Between Heaven and Earth (Seven (the series))
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DJ is David McLean's eldest grandson, so it stands to reason that he be the one to scatter his beloved grandfather's ashes. At least that's how DJ sees it. He's always been the best at everything—sports, school, looking after his fatherless family—so climbing Kilimanjaro is just another thing he'll accomplish almost effortlessly. Or so he thinks, until he arrives in Tanzania and everything starts to go wrong. He's detained at immigration, he gets robbed, his climbing group includes an old lady and he gets stuck with the first ever female porter. Forced to go polepole (slowly), DJ finds out the hard way that youth, fitness level and drive have nothing to do with success on the mountain—or in life.
DJ's adventures start in Jungle Land, part of The Seven Prequels and continue in Sleeper, part of The Seven Sequels.
The cane containing my grandfather’s ashes was gone. I doubled over, hands on my knees, straining to get my breath, my lungs burning. I was shaking and sweating and I felt like I might throw up. But feeling sick wasn’t the worst thing. The worst thing was that I’d failed. I’d lost the cane. I wouldn’t be able to fulfill my grandpa’s last request, and everybody would know it. What would my mother think… my brother…my whole family? Wait…nobody would have to know. I could just tell them that I did
a choice. I need to be there at least to try on the hiking boots,” I said, grasping for a convincing reason. “I just do not think that—” “Look.” I got to my feet so I towered over her. “It’s my money, my things, my hiking boots, and I’m coming along.” “I will not argue, but do not say that I did not warn you.” “This way,” Sarah said. What had seemed smart sitting on the veranda of the hotel quickly seemed less wise as we wove our way through small streets, back alleys and narrow footpaths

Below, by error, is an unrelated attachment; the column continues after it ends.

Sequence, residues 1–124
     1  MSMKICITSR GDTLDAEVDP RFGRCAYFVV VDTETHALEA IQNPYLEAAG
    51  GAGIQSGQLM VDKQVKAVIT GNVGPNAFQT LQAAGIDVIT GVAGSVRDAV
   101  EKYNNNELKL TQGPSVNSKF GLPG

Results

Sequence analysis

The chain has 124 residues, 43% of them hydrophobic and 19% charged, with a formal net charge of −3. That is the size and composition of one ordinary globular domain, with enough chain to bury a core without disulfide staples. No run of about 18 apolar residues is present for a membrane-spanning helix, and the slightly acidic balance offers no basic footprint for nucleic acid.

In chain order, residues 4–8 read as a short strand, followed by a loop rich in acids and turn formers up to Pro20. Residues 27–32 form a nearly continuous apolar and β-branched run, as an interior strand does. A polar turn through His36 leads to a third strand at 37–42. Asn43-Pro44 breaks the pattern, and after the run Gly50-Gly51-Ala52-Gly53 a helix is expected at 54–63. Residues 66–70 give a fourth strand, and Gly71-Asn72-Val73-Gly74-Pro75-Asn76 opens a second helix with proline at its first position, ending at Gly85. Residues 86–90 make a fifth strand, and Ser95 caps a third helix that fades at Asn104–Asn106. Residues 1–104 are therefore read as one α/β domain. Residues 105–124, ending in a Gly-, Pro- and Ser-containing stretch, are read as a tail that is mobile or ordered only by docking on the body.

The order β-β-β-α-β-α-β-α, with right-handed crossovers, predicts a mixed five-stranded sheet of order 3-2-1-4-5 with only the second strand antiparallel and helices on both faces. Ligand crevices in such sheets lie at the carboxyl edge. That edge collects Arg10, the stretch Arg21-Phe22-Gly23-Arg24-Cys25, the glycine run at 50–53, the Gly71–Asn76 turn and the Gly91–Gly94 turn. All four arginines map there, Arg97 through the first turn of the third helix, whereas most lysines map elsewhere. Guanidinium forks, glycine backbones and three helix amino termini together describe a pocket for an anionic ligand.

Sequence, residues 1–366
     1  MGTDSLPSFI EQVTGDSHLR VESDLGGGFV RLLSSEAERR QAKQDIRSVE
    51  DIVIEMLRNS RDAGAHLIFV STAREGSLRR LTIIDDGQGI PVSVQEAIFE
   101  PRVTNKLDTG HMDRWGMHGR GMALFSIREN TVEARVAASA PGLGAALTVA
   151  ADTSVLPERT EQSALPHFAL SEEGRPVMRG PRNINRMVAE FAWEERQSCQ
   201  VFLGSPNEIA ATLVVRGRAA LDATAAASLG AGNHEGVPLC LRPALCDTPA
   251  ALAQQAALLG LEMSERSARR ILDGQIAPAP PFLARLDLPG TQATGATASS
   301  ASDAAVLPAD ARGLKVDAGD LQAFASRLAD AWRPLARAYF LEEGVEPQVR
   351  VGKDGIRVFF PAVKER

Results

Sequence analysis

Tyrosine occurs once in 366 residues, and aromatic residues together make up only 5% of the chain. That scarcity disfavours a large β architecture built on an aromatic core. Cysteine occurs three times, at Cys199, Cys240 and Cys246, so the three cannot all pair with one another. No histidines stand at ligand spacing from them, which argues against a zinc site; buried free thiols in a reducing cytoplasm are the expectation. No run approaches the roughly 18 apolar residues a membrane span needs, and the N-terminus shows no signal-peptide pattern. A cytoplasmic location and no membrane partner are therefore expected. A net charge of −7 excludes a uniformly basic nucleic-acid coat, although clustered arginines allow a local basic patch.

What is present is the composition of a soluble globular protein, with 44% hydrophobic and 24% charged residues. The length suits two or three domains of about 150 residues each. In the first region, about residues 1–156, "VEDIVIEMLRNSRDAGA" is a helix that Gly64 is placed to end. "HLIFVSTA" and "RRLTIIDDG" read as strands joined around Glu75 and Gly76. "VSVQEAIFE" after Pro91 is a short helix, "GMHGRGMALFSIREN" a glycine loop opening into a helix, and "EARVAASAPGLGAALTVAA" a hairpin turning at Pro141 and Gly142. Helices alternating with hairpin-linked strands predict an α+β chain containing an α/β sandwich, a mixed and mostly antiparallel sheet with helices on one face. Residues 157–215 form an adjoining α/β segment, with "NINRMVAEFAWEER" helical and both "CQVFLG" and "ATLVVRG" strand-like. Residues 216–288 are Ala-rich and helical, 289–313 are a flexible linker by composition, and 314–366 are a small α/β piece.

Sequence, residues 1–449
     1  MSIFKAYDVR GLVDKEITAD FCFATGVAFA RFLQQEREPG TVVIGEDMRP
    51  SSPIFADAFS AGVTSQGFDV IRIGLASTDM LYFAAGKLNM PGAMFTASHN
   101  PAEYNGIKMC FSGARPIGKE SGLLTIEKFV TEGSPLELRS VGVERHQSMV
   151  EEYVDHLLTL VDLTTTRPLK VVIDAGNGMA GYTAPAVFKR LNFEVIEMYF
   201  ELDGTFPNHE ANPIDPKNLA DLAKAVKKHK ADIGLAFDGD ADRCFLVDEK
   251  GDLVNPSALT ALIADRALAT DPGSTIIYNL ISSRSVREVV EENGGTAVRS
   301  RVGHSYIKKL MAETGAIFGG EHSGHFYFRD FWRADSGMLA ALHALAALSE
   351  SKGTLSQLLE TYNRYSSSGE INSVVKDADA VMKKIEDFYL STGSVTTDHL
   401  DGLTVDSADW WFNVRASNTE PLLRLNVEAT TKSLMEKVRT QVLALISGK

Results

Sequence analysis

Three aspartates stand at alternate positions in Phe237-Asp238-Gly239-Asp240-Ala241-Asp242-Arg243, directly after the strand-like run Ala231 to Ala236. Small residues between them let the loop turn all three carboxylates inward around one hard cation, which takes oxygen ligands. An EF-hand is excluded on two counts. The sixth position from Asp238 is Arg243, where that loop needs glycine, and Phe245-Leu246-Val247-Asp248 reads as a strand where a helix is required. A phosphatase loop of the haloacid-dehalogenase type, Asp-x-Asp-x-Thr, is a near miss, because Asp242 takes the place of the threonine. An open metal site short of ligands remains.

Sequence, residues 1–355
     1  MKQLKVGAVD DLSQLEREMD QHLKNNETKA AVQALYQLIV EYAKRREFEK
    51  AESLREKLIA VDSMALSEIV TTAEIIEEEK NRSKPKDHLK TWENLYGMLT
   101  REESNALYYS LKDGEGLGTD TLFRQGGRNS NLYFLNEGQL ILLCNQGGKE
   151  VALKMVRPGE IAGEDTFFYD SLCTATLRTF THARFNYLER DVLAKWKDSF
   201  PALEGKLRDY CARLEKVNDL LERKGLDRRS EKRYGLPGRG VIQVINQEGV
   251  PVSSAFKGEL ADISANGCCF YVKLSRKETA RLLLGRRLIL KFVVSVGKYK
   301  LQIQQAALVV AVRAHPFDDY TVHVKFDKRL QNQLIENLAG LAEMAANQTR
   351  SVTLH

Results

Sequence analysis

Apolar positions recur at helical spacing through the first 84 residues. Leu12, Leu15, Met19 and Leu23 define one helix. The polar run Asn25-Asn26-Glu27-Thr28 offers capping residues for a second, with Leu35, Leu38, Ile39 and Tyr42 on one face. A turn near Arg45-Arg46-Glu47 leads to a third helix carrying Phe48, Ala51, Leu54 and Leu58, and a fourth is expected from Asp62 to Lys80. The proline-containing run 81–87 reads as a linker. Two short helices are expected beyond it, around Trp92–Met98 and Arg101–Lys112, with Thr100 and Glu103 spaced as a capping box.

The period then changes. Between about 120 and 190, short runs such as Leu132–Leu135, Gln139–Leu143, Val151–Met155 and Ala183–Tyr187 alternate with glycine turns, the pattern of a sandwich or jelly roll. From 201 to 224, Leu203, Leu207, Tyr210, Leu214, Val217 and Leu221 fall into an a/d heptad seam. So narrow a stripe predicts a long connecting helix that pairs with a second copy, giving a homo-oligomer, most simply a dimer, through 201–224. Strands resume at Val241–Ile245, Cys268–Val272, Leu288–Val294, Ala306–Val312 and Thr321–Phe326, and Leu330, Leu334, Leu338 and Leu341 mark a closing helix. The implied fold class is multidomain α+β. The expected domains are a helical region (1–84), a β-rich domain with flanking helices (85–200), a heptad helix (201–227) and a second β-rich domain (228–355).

up my pack, which was going to hold my things on the climb to the top of the mountain. Now it would hold the things I needed to reclaim. I sifted through some more items. There were my cargo pants and five pairs of socks—two of them special “toe” socks designed to keep each toe separate and cushioned—and my shirts and running shoes and of course my hiking boots. Item by item I put them into the pack until I came to the boots. I went to put them into the pack and one of the boys stepped forward
she said. “Thanks, and I’ll be there for you,” I said. Why did I say that? “That is so sweet,” she said. “I guess we better get climbing again. The summit isn’t coming to us. We just have to remember to go polepole.” “Yeah, slowly,” I muttered. “That comes a little more naturally at my age, but remember that slow and steady wins the race.” I smiled at her and nodded, although I really didn’t agree at all. Moving slowly had never won any race, game or assignment that I’d ever been involved
word.” She hesitated. “I’m all right. I can do it.” She took the pack off her back and handed it to me. I put it on. Strangely the added weight seemed to make me feel lighter. Sarah turned up the slope and began shuffling forward. We fell into line behind her. It was becoming lighter. The sun was still not up, but the rays were bouncing above the horizon. I could almost feel them and the warmth that they were bringing. It gave me renewed energy. With the light came the opportunity to see